As a fiction writer, reading poetry is always a lesson in sparseness and omission, getting down to the bare necessities of telling a powerful story. Pollock has many strengths, the first of which is his simple, visceral images. In the poem “Recessive Gene,” Pollock addresses mixed identity through a child who searches for belonging. After being told by other children that they all were Black on the inside he looks for his own internal blackness: “Dad had a pocketknife/ …That afternoon, I stole it./ Alone, behind the locked door/ I tried to scrape, as if fish scales/ the rosy skin from my forearms” (4). In both “The Frog” and “Killadelphia,” the poet uses rhythmic repetition to his advantage, mirroring the pace of city life and the sharp simplicity of childish anger. “Child of the Sun” again plays with race/ identity, and how that interacts with history, colorism. The narrator feels the weight of his difference as determined by other members of the family; how that will affect the way society perceives him. Pollock plays with form in “Longing as Hoppin’ John;” starting with the longest line first, then using shorter and shorter lines until the last line is a single word. My favorite poem of the collection, “Oya in Old City,” tackles history, time, and spirit. This poem ends with another powerful, succinct image : “I flung my almost white self/ into my mother’s embrace- that brown/ embrace I hoped would swallow me whole/ and spit back a boy four shades darker” (19). It is no surprise that this collection won the Cave Canem Poetry Prize for 2010. Iain Haley Pollock’s poems hum the blues, exposing deep painful truth as well as celebrating life’s simple pleasures.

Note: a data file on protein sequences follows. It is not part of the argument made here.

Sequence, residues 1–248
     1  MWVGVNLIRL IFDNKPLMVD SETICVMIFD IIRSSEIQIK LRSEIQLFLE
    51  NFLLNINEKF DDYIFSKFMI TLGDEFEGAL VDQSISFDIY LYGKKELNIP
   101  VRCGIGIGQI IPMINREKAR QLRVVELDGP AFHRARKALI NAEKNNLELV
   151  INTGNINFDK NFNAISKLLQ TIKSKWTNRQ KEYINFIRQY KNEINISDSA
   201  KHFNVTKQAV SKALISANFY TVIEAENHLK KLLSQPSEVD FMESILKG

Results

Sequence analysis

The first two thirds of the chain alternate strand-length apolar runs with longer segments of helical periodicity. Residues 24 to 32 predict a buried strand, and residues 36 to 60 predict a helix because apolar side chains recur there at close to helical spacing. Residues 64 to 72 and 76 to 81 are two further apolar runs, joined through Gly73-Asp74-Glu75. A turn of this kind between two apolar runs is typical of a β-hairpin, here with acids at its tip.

Here’s a video of Iain Haley Pollock reading: